By Tracey Rector, Alumna of IUPUI
With internship applications due in the next few months, now is the time to plan and strategize. Employers love someone with a high GPA, but what can separate you from other applicants is experience — making internships are a must. For starters, it helps you get an inside look of the career field you’re getting into and also gives valuable on-the-job training that will make you more hirable than someone else.
In order to land an internship, first impressions are everything. In most cases, your application is a company’s first impression of you, so make it count!
How Many Internships You Need
In a recent UChic Twitter chat about internships, the consensus was to have one per year in college. For some, one every semester could even be a possibility, especially if you get a late start and don’t have your first internship until your third or fourth year. It all depends on how it fits in with your class schedule and what you’re comfortable with. But you at least need one or two.
Show Them You’re The Best Candidate
The internship application process is a competition. Be prepared and show the company why you’re the best candidate. One of the ways to be ahead of the game is to research the company prior to submitting an application. Don’t just scratch the surface; learn about who they are and what’s important to them. Also, browse the Internet and see if there is any recent good or interesting news highlighting their business. Upon submitting your application, make a mental note of something you learned from your research and be sure to bring it up in your follow up email, phone call or interview.
Preparing for Applications
Each application is different and not all requirements will be the same. Some may require a resume while others require a portfolio. Either way, the sooner you start gathering the following materials, the easier it will be when your job search begins — and even extra material to submit for an internship.
Here is a list of items to start gathering (or at least know where to find):
- Cover letter
- Portfolio of work
- School contact information (i.e. adviser address/phone number)
Some applications will ask for a written document answering questions that range from “What qualifies you for this internship?” to “What drew you into this career field?” Even if you aren’t a writer, just answer their questions and you’ll be fine.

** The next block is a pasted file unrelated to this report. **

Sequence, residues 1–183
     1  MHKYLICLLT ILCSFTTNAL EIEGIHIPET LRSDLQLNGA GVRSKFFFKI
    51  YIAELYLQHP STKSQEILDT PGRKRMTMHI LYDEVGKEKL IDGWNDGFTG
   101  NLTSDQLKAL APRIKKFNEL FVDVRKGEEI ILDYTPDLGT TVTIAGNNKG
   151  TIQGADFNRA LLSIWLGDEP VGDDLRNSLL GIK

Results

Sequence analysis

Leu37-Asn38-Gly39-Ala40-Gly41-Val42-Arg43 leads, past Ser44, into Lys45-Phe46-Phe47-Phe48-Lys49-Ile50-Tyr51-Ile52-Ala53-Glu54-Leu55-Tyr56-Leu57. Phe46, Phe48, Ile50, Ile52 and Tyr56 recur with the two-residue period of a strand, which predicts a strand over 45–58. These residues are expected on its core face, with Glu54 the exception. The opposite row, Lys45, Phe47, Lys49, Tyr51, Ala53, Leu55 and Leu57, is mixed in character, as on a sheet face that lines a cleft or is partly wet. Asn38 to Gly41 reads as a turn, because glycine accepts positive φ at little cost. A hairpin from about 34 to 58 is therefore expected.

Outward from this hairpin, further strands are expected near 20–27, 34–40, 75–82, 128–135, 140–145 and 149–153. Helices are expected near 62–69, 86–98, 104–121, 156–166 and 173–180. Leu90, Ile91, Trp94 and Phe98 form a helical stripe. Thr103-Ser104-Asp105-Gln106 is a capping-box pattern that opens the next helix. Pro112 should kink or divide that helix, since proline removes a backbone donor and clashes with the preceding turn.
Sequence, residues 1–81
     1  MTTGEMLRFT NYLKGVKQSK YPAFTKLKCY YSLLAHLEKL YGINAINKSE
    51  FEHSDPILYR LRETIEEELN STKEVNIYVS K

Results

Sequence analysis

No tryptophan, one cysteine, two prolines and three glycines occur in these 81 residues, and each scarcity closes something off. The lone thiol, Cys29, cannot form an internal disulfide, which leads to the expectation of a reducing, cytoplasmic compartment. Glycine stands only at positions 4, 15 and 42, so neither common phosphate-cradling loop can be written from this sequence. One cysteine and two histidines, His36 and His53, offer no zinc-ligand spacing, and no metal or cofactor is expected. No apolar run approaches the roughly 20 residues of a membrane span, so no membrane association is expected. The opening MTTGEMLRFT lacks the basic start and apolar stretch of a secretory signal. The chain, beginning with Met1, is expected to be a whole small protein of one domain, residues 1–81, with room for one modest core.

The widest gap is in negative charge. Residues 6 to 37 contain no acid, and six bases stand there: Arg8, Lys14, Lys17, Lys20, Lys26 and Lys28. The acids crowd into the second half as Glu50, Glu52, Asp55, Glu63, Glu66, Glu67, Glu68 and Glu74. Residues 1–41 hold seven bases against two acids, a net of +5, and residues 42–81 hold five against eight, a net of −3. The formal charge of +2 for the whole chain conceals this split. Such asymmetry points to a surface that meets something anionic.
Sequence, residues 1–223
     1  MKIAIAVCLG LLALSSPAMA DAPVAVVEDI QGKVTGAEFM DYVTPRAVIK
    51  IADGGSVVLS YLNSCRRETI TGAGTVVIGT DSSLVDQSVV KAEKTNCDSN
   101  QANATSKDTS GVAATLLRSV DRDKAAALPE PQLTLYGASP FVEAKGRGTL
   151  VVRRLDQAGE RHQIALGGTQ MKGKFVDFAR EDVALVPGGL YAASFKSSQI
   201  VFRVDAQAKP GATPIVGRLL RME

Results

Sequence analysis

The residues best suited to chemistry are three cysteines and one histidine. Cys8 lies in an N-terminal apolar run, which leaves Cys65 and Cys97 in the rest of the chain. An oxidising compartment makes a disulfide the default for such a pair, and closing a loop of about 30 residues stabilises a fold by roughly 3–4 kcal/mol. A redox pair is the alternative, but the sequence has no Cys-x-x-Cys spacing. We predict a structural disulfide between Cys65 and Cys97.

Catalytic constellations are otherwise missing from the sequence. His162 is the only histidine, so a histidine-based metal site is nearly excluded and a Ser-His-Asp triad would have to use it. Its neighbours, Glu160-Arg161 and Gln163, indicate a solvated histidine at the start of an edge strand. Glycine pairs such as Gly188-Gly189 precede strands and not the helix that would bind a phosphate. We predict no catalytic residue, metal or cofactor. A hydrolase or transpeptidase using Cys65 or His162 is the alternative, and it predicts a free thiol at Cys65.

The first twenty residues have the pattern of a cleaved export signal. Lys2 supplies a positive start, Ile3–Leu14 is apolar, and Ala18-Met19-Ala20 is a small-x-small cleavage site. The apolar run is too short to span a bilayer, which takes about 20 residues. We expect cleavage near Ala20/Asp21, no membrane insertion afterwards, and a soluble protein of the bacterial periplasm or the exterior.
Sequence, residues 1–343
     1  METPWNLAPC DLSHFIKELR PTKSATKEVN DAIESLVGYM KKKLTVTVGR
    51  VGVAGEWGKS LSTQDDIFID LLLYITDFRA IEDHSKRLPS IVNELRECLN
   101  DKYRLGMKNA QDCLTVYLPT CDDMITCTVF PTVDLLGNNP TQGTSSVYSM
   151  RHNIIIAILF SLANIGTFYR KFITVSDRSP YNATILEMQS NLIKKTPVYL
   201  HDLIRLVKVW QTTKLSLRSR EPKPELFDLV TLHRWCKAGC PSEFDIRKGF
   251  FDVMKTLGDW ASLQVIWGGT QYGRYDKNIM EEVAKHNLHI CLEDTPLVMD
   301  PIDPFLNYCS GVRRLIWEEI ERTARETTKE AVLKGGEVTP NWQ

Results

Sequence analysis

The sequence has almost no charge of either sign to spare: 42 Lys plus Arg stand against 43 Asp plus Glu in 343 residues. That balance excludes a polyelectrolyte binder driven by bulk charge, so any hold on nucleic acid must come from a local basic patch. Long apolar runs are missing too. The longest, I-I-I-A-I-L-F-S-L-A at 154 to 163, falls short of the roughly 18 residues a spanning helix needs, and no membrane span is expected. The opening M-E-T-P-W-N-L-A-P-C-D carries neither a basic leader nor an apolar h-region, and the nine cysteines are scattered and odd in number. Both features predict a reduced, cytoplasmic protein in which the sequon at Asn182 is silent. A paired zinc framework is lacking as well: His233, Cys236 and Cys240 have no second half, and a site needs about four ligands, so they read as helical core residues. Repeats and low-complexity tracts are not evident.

A couple tips for writing:
- Write tightly. This isn’t a high school term paper where you have to write at least eight pages or Mrs. Jones will mark off points. Just make your point and be clear. Leave out filler words. For example, 75 percent of the time, the use of the word “that” isn’t necessary. Think quality over quantity when it comes to words.
- Proof, proof and proof again. And when you’re finished proofing, have someone else proof it, too. After staring at something for so long, your eyes are less likely to catch mistakes; so after you write and proof it once, step away from it for a few hours. Then, before you submit it, have someone take a quick look, too. Sometimes you, or spellchecker, might not catch you misspelled “experience” as “expereince.” It’s much better if a friend finds a mistake rather than a prospective employer.
- Don’t go off topic. It’s easy to start writing about one thing and then end your paragraph with something completely unrelated. You’ve got a small amount of space to catch their attention and to show them why you are the best applicant for the internship. Don’t waste space!
Lastly, Don’t Put All Your Eggs in One Basket
It’s not that your chance of landing the internship of your dreams is slim to none, but it is a competition and you might not always win. As you search for an internship, find a few you’re interested in; not just one. This way, you’re likely to get on with a company. Also, if there is a company you would like to intern with but don’t see internship information — take initiative. Do your homework and then pick up the phone or send an email. They may not have interns, but after talking to you, they may just change their mind or make an exception.